Squealing on a superior has landed a Pennsylvania accountant a multi-million dollar award.
According to The Associated Press, an in-house accountant has been bestowed the first ever whistleblower award, worth approximately $4.5 million, from the Internal Revenue Service (IRS). The recipient, whose name has been withheld by his attorney, filed a complaint in 2007 after his employer ignored a tax lapse. The tip helped the IRS recover $20 million in taxes and interest.
The award, which equates to about $3.24 million after taxes, represents a 22 percent cut of the revenue recovered by the IRS. The Whistleblower Office, which was set up in 2006, mandates that payouts should amount to between 15 and 30 percent of the taxes recouped, the media outlet reported.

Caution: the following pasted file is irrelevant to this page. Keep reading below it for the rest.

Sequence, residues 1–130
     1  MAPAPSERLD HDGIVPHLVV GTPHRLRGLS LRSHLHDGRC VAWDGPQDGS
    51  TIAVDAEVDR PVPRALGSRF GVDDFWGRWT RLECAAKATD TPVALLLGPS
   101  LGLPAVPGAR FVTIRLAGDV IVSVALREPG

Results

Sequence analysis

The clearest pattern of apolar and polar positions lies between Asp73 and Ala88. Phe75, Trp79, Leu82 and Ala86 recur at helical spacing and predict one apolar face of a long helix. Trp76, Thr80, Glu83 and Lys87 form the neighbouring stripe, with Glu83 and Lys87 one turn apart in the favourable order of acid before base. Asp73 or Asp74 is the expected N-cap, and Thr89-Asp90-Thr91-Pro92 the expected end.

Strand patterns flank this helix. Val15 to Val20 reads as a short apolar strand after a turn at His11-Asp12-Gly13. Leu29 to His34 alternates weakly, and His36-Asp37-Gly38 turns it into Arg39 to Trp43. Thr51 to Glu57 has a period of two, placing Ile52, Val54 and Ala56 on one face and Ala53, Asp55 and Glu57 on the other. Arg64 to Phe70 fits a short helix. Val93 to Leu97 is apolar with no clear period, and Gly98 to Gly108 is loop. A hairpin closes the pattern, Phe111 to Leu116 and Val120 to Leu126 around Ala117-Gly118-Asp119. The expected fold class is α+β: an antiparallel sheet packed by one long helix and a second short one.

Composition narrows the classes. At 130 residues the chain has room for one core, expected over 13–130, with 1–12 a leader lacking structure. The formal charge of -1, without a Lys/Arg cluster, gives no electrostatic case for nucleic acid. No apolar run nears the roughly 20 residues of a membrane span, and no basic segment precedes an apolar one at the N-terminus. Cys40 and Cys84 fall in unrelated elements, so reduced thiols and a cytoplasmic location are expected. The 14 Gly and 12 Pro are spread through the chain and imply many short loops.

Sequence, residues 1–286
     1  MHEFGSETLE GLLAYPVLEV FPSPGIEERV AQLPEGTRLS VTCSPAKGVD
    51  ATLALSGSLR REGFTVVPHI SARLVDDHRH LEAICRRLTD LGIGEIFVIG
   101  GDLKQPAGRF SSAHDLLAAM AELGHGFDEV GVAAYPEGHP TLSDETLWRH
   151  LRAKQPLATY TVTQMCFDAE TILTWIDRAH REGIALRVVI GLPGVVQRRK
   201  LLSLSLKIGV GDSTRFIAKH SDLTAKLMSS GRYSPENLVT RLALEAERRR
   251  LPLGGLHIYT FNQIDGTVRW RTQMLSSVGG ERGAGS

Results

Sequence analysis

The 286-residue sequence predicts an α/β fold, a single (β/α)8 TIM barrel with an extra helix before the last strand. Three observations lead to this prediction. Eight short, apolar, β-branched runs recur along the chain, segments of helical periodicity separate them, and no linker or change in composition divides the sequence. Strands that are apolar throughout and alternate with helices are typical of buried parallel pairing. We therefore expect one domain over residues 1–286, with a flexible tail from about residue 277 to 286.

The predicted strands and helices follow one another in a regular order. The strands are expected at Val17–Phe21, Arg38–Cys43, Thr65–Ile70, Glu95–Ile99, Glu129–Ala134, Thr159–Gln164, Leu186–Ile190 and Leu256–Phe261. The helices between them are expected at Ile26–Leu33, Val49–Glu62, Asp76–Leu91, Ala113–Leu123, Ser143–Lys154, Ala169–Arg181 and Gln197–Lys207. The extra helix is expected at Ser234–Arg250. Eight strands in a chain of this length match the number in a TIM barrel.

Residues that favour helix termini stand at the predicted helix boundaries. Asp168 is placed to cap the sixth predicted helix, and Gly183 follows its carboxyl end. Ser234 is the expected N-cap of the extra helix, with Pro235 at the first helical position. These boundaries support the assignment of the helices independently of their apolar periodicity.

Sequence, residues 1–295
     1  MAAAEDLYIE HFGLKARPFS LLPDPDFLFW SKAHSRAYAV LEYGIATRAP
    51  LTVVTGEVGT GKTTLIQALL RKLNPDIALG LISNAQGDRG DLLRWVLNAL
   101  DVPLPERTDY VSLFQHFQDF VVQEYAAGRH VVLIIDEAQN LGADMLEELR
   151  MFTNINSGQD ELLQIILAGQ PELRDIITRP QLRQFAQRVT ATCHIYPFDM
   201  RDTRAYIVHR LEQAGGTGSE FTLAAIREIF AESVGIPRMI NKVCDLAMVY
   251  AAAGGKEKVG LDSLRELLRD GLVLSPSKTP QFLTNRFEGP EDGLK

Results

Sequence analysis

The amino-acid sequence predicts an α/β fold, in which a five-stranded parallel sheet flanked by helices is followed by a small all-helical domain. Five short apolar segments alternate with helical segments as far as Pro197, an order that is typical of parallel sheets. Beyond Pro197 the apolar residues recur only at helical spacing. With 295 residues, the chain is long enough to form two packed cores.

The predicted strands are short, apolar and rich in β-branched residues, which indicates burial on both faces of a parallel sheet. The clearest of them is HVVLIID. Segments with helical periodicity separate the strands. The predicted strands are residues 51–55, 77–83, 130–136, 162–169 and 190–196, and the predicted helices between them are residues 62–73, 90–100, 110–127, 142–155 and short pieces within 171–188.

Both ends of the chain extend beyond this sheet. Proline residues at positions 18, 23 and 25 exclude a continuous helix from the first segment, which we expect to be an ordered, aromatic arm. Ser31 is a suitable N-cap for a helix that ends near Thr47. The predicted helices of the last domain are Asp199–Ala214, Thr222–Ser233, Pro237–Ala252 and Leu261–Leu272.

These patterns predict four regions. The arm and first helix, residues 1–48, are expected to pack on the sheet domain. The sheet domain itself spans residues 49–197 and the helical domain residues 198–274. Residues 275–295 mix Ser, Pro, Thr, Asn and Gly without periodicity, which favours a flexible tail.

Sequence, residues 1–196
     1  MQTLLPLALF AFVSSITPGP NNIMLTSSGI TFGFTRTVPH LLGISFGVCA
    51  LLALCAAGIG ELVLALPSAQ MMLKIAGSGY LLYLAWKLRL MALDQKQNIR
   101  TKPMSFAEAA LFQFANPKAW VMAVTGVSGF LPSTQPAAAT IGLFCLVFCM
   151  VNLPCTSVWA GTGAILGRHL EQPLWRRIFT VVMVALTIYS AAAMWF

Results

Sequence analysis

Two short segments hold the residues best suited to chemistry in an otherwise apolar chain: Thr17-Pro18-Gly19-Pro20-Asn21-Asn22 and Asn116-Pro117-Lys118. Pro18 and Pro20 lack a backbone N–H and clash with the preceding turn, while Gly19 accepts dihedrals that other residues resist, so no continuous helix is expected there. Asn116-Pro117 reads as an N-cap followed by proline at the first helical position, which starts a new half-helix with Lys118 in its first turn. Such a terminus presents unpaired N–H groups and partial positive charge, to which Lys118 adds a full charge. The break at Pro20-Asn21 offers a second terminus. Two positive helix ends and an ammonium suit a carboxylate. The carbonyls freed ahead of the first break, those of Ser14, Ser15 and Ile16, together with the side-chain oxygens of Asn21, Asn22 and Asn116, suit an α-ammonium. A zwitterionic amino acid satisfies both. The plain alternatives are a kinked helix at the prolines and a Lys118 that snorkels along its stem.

The Whistleblower Office revealed that it received nearly 1,000 tips in fiscal years 2008 and 2009.
"It's very difficult to be a whistleblower," Eric Young, the Pennsylvania accountant's lawyer, told the news source. "Most people would be inclined to turn a blind eye to it. The process can be time-consuming, arduous and stressful, from both a personal and professional standpoint."
A gridlock on Capitol Hill has forced the IRS to address a more pressing issue this week. In the event of a government shutdown, which was slated to occur if Congress did not approve a spending budget by April 8, refunds for taxpayers would be delayed, officials have confirmed.
Speaking to the National Press Club on April 6, IRS Commissioner Doug Shulman said that a shutdown would slow the process of responding to paper returns, according to Bloomberg. However, Shulman stated that a budget standoff will not delay the April 18 deadline for filing 2010 taxes.